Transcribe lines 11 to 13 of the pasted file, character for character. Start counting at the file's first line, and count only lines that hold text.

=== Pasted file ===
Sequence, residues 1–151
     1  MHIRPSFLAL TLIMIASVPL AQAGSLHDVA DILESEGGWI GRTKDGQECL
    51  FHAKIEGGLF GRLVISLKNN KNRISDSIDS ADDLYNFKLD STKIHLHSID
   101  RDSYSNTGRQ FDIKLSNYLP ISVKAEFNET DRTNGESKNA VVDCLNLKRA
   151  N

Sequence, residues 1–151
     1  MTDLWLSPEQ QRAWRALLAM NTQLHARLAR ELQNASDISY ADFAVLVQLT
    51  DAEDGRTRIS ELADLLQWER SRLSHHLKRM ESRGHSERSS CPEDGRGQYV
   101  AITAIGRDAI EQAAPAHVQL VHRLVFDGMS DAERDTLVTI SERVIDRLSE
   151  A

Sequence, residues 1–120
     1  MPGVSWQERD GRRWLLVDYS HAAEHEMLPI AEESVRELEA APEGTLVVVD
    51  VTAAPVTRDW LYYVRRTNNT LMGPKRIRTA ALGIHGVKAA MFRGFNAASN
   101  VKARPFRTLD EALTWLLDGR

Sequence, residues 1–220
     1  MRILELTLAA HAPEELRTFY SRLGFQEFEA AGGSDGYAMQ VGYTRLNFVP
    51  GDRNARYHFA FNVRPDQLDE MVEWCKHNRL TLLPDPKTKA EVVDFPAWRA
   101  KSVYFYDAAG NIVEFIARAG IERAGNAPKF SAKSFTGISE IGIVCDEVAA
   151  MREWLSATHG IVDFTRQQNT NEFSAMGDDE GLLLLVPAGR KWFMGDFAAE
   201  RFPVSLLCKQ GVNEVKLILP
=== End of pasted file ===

Sequence, residues 1–120
     1  MPGVSWQERD GRRWLLVDYS HAAEHEMLPI AEESVRELEA APEGTLVVVD
    51  VTAAPVTRDW LYYVRRTNNT LMGPKRIRTA ALGIHGVKAA MFRGFNAASN